Remy Marceau of Phoenix never expected to look back with such fondness on the four years after he received a life-saving kidney transplant at age 25. But at age 29, his body abruptly rejected the new kidney, and that's the situation he finds himself in now.
As he's once again among the ranks of more than 100,000 people in the U.S. on the transplant list, Remy is enduring another long wait. What keeps him going is the hope of a second transplant and another chance at a better life.
"I had the best four years of my life, and it's possible I will get that back again," Remy says. "All this, I hope, is temporary."
As early as age 9, Remy experienced fatigue, dehydration and extreme muscle cramping. The diagnosis was a rare kidney disorder called Bartter's syndrome. It causes the body to shed salt and water, requiring frequent infusions to replenish electrolytes and potassium.
Remy's disease progressed to a level where both of his kidneys had to be removed because they were no longer healthy enough to preserve his electrolytes and fluid. Still, he soldiered on. By age 25, Remy learned from his physicians at Mayo Clinic's Arizona campus that a kidney transplant would be the best treatment for him, and they were right.
"That first kidney transplant gave me my son back," says Remy's mother, Janet, his most loyal advocate. "He again was the Remy we all knew, who is such a gift in our lives."
The kidney rejection four years later stunned his family and friends. It also was a blow to Remy's generous living kidney donor, whom he didn't meet until the morning of his transplant surgery in November 2012. The donor, a Phoenix woman with a giving spirit, had seen a TV segment about Remy and his need for a kidney. Sensing that time was of the essence, she contacted Mayo Clinic and asked to be tested, with the stipulation that her healthy kidney would go to Remy Marceau. She was a match.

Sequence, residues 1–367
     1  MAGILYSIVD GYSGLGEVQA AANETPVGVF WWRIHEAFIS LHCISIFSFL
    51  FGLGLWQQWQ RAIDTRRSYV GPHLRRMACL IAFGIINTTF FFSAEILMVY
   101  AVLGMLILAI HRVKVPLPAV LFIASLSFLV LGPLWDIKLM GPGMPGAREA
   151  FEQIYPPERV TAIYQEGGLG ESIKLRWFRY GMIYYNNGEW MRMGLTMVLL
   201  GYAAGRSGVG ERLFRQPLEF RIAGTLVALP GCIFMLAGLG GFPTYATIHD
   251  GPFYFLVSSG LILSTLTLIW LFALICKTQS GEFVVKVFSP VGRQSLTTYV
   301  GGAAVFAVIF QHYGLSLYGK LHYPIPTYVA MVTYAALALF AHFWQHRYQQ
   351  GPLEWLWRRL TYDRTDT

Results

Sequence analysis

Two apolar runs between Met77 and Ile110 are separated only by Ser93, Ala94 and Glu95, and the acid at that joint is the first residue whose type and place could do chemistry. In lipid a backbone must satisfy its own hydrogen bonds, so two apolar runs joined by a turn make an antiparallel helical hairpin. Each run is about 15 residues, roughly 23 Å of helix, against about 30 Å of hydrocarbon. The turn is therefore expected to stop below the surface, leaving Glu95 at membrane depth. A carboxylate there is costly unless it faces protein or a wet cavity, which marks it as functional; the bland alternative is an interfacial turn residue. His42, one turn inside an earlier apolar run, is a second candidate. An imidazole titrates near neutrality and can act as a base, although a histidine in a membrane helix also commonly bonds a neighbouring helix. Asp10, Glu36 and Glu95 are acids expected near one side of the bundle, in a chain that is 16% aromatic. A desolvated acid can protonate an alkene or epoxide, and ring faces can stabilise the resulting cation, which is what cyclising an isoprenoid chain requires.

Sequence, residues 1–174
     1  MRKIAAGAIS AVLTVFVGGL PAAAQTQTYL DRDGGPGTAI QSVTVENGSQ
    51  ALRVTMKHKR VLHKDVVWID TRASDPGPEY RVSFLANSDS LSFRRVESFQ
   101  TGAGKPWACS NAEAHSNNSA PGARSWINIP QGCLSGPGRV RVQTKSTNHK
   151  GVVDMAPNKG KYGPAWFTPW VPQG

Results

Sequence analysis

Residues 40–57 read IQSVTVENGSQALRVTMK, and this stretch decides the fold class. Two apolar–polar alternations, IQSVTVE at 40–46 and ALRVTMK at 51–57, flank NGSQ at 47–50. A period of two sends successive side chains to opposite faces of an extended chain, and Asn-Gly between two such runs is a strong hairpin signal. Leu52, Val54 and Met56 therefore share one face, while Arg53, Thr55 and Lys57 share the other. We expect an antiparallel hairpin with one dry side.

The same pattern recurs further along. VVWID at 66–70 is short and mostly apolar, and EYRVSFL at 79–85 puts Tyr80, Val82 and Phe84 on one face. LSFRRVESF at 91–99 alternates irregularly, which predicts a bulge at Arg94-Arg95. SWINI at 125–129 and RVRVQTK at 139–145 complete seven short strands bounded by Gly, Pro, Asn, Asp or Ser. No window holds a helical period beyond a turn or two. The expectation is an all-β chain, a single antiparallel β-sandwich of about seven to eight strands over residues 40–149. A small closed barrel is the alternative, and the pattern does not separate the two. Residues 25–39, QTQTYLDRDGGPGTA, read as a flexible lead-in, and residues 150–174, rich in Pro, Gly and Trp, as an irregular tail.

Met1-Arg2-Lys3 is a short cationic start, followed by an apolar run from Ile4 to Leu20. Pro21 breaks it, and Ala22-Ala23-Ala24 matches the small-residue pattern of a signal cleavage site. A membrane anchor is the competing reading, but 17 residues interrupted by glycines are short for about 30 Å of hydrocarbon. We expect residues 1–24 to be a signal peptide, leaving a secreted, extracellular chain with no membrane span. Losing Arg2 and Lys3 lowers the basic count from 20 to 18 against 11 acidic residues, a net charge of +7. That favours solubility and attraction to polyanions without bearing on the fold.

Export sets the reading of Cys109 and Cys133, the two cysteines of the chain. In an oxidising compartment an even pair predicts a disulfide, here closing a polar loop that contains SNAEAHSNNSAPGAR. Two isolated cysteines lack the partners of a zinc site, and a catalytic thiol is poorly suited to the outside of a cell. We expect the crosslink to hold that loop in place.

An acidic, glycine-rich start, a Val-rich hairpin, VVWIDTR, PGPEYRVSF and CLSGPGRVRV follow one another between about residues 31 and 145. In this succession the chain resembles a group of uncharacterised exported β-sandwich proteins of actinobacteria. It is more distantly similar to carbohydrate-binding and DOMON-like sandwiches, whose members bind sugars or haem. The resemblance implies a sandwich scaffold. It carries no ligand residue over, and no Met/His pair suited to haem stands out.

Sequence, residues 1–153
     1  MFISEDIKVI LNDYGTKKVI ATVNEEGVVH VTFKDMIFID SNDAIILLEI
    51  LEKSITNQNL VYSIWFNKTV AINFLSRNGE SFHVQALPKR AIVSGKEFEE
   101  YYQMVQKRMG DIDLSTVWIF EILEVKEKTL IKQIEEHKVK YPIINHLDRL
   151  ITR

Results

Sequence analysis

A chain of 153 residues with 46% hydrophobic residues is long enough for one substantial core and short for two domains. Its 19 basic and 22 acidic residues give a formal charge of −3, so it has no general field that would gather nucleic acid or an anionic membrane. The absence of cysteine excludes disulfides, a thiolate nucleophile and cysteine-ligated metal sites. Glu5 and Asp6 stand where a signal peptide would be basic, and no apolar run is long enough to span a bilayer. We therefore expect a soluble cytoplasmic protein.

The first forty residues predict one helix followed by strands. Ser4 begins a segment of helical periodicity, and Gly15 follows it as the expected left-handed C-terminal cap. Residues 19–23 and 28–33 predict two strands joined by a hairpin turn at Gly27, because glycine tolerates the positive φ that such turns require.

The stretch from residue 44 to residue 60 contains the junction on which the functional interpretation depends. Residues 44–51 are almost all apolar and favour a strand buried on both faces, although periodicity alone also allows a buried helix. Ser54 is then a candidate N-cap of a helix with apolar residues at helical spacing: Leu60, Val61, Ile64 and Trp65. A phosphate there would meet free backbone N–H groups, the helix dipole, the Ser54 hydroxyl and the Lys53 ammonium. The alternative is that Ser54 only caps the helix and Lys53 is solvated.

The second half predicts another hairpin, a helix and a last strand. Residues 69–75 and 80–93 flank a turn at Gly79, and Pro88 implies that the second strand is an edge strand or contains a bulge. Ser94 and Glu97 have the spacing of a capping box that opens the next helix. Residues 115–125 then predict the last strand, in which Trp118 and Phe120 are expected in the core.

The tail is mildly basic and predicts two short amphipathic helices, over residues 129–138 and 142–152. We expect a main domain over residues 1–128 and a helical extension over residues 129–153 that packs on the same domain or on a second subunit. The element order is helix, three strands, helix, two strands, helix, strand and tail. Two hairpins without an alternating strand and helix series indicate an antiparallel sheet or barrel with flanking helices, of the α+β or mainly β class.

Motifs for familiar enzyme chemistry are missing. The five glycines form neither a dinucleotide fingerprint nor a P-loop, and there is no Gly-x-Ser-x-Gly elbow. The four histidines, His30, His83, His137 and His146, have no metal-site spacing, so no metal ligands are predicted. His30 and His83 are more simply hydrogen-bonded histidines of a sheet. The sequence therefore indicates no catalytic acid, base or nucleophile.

Soon after the transplant, Remy was alert and giving a thumbs-up, even though it was a complex surgery. The four-year respite Remy cherishes began right after that. He resumed his normal activities, including his job, athletic activities, travel, and time with family and friends.
In March 2016, Remy's life changed again as his medical condition declined, and he received the difficult news that his transplanted kidney was failing. His Mayo Clinic physician didn't mince words, telling him, "Your kidney is on its last leg, and it's time to get you listed for another transplant."
The message rocked Remy's world. Soon his life was centered on dialysis and plasmapheresis — where plasma is separated from blood to remove antibodies. Remy says he has received 160 bags of new plasma since his kidney began to fail. "Not that I'm counting," he quips.
Complicating Remy's life further, and causing additional stress, exhaustion and pain, has been a litany of surgeries he's had to undergo since the rejection of the kidney. When asked how many, Remy jokes, "I can't count that high."
He underwent a number of surgeries on his chest to create ports for infusions and more procedures to remove scar tissue, as well as a fat graft to repair depressions in his chest. Because he has small veins, surgery was required to make a fistula for needles used in dialysis. It has also been challenging to bring blood to Remy's hand because of his vein issues, which recently required three vein surgeries over a period of six days.
Remy is not a complainer, though, and humor gets him through the tough times. He admits he is weary from the multiple surgeries and undergoing dialysis three times a week, but he is adamant that people not define him by his illness.
"I could be negative, but it would be hard on my family — and the Mayo nurses," he says. "To see more attention being brought to the critical need for organ donation, that is what encourages me. For now, I just fight through it."
As a friend told Remy, "If attitude equaled health, you would be the healthiest man on earth."